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Data Terms and Insights: Understanding Intellectual Property Ownership
Understanding the common terms used in discussions about data will allow you to engage actively in conversations about privacy policies and the rights of ownership. This will allow you to make sound decisions for your business.
Defining and distinguishing terms
It is necessary to distinguish between data, datasets, and databases - as these terms are commonly used interchangeably. However, in regards to discussions about data privacy policies and compliance, they must each be regarded as distinct.
Raw data: Statistics or facts.
Dataset: A collection of raw data made available to users of a database.
Database: A computing environment (consisting of data, hardware, software, telecommunications systems and equipment) intended for a specific purpose, such as research.
Determining your intellectual property rights
In addition to understanding the terms, you must also consider intellectual property laws. You need to understand who has intellectual ownership over the information to consider the rights your business is granted. Ownership depends greatly on how the data is utilized.
Databases can collect some level of protection particularly in regards to copyright.
Typically there are 3 elements required to qualify as a copyrightable collection of data:
- Collection and assembly of pre-existing material or data
- Arrangement of the material or data
- Creation by virtue of the particular selection of an original work of authorship
If you are a company that collects data from various sources, manages the aggregation of that data and provides businesses and consumers with access to your database, this indicates that you may not have access to IP rights. However, there may still be other quasi property rights that are protected.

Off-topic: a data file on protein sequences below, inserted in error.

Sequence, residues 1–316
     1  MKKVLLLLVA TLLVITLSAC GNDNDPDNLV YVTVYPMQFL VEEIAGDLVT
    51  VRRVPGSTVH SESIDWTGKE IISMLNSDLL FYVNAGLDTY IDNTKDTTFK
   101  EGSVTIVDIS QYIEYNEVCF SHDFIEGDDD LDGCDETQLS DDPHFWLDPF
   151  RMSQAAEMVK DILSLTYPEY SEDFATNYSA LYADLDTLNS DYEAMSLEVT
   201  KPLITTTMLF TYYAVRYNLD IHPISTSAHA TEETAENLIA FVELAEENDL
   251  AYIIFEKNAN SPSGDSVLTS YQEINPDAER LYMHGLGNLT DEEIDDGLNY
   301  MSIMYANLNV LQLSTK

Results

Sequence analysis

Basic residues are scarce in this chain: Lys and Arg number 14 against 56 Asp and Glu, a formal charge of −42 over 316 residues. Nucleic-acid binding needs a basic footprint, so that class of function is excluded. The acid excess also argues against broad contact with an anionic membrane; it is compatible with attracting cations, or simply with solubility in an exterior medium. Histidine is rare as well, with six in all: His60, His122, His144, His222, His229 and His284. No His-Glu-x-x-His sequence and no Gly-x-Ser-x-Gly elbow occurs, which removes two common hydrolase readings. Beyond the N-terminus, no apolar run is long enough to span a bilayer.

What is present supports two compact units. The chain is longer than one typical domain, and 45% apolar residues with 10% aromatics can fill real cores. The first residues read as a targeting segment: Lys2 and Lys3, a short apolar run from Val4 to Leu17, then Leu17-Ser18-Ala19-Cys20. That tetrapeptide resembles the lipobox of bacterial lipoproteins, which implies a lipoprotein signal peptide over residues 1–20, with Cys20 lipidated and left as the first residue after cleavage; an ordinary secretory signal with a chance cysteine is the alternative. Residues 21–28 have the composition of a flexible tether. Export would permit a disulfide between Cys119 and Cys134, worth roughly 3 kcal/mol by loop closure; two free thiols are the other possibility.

For instance, if you own a collection of video clips, and you publish a dataset with information about the length, format, and popularity of the clips, your ownership of the videos does not automatically give you rights over the data about the videos. It also does not prevent others from using that data.
However, a database may be subject to copyright.
For example, if you design a special algorithm that analyzes your videos, labels their contents, and uploads them to a website for users to search, then your algorithm and website may be original authorship and eligible for intellectual property protection.
Individual pieces of data such as the length of a particular video will not be protected. Nevertheless, you will be able to legally prevent your code and website from being copied wholesale and monetized by others.
When dealing with data, understanding intellectual property rights and how and when they apply to the form of data you’re using is essential in developing policies for privacy compliance. With these delineations of property rights in mind, let us utilize this information in the context of the customer.
In Data Terms and Insights: Navigating Customer Consent, we will dive deeper into three forms of data and discuss privacy further in the scope of prioritizing consent and building trust.
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